The Anti-Common-Core College-Admissions Test?
A new test is positioning itself as a non-common-core alternative to the SAT and ACT.
Word about the Vector Assessment of Readiness for College, or Vector A.R.C., has been making its way through the conservative blogosphere, which is pitching it as a tool for families who don't want their children taking college admissions tests that reflect the Common Core State Standards. Families who home school or send their students to private schools, and those who live in states without the common core, are key audiences for Vector A.R.C.
On its website, Vector ARC goes on the attack against testing "giants" that have gained a "virtual monopoly" over widely used tests such as the SAT and ACT, and markets itself as "the antidote for Common Core-aligned college entrance exams." Vector A.R.C. also appeals directly to the local-control sentiment that fueled the fight against the common core, using this tagline on its website:
"Working to preserve both your academic freedom AND your college options."
"Testing can be a tool for assessing both proficiency as well as higher-learning skills," the website says. "But when testing is driven by nationalized content, it can be a tool for disenfranchising those who have chosen an education that is not governmentally prescribed. True education is a lifelong process that extends well beyond the standardized classroom. So, why should students be limited in their options of educational instruction?"
The assessment is in beta-testing mode. Students who attended a national home-schooling convention in Cincinnati last spring were given the opportunity to take the test so developers could refine it. For that beta testing, Vector A.R.C. sought students who already had SAT or ACT scores, presumably to facilitate study of how performance on the new test compares with performance on those established exams.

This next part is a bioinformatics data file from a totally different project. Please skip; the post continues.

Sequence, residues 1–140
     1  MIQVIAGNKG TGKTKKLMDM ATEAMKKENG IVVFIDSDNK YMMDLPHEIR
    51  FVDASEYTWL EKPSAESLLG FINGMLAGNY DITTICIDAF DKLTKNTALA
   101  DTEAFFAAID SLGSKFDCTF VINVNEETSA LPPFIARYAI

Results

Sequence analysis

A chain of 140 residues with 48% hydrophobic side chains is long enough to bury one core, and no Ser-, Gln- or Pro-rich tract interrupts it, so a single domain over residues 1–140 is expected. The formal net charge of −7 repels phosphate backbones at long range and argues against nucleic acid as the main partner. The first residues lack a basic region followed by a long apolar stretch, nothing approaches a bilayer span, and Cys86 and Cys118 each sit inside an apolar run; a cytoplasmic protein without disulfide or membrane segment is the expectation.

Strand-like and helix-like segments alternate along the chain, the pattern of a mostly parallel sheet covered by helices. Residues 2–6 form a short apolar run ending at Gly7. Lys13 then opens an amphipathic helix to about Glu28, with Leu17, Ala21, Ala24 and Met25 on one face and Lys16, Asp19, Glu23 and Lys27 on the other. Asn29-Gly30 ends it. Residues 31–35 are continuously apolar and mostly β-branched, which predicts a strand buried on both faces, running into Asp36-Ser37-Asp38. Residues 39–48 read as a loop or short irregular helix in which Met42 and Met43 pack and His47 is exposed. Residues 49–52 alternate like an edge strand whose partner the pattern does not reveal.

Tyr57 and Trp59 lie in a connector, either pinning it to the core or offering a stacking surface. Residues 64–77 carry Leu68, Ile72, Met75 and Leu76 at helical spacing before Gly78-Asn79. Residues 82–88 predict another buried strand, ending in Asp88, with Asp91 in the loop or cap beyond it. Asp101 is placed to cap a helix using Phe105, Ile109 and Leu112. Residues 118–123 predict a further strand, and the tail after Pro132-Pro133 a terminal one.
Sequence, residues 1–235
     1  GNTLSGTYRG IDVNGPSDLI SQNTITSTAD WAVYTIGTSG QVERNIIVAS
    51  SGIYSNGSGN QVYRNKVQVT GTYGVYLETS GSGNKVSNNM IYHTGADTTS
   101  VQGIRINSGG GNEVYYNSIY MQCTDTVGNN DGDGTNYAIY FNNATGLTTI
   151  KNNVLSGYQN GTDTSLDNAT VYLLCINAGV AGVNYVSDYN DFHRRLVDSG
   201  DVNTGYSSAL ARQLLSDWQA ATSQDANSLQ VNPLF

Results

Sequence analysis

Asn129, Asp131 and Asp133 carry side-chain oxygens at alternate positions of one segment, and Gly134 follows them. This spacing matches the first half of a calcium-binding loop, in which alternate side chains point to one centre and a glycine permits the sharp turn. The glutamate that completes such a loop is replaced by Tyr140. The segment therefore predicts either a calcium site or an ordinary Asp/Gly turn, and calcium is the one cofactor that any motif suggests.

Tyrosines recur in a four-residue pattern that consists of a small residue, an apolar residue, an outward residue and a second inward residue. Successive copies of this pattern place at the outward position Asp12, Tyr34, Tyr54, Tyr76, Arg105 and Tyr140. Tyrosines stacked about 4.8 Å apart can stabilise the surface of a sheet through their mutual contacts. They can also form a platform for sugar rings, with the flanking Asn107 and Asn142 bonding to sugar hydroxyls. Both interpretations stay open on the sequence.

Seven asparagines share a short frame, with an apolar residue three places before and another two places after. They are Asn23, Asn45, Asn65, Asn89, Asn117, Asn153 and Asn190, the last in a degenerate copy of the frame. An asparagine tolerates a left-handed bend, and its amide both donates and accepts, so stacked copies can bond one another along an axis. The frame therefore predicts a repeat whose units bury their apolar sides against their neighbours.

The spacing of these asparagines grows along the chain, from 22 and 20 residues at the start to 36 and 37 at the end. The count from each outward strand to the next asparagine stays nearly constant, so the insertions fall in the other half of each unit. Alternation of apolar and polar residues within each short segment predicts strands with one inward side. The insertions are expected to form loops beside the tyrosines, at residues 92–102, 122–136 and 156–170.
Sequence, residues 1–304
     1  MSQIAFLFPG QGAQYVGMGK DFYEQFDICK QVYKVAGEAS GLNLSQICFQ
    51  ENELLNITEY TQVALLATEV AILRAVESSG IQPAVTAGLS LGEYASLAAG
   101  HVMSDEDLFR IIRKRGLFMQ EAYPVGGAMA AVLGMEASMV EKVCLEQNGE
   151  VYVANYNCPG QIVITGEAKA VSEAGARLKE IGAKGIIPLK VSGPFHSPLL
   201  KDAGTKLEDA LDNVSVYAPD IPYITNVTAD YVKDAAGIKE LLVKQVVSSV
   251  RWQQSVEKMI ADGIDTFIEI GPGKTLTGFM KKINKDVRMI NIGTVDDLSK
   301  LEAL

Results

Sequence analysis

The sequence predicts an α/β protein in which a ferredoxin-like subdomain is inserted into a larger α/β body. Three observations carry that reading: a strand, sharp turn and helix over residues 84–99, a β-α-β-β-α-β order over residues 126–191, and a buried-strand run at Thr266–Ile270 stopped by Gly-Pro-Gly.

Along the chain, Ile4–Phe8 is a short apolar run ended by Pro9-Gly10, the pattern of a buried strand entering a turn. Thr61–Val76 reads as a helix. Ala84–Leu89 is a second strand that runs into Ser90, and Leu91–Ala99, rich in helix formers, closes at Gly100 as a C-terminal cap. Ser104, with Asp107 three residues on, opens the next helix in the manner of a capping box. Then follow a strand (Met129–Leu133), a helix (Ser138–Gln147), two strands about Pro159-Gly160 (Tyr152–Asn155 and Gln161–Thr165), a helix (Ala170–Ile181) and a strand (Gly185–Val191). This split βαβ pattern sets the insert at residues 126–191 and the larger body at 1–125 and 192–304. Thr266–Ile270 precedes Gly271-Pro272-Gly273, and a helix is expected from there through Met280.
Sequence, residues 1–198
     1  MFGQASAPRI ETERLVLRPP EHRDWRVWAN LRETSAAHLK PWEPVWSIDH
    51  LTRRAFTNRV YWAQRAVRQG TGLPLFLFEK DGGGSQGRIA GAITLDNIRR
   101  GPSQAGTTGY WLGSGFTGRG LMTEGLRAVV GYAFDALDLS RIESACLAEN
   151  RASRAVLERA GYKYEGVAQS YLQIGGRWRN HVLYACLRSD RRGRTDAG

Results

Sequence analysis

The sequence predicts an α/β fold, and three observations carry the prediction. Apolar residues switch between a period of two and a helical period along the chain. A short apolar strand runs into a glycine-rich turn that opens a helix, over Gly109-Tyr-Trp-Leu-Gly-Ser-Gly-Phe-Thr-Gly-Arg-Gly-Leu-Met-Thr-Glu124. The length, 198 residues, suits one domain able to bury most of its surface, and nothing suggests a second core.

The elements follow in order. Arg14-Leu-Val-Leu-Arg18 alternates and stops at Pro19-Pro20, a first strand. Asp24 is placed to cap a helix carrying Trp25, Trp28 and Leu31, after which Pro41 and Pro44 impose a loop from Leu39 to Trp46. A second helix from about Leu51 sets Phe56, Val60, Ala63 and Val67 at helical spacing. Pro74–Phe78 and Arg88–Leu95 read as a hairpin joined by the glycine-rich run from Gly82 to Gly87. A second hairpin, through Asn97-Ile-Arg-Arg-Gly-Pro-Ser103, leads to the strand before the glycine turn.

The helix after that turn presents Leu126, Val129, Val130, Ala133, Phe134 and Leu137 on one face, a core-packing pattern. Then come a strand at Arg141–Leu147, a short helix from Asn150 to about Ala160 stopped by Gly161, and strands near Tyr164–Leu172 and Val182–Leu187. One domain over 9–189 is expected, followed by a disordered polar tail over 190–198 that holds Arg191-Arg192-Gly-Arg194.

Vector A.R.C. says on its website that the test was developed by "educators, policy developers, and subject-area experts," and that "there are colleges and universities interested in and willing to accept the A.R.C. once the scores are validated," but it offers no further details.
The Heartland Institute, a libertarian think tank, has been spreading the word about Vector A.R.C. in a bid to get more families to sign their students up for beta testing and for the finished exam. Justin Haskins, the group's executive director, wrote a piece for Forbes this week that said the test is "soon to be released," but Vector A.R.C.'s website doesn't give a date, and company spokeswoman Julie West wasn't immediately available for discussion.
Haskins writes that Vector A.R.C. "will only test students on the information they actually need to be successful in college and later in life, focusing heavily on the classical Western educational standards of the past. ... If students have the skills that have been considered essential for centuries in Western nations, they will do well on the Vector A.R.C. test."
In a post last month on the Federalist, Heartland's senior fellow on education, Robert Holland, talked with West, who told him that the test is untimed, and gauges mastery of math through calculus, science through chemistry and physics, and English/language arts.
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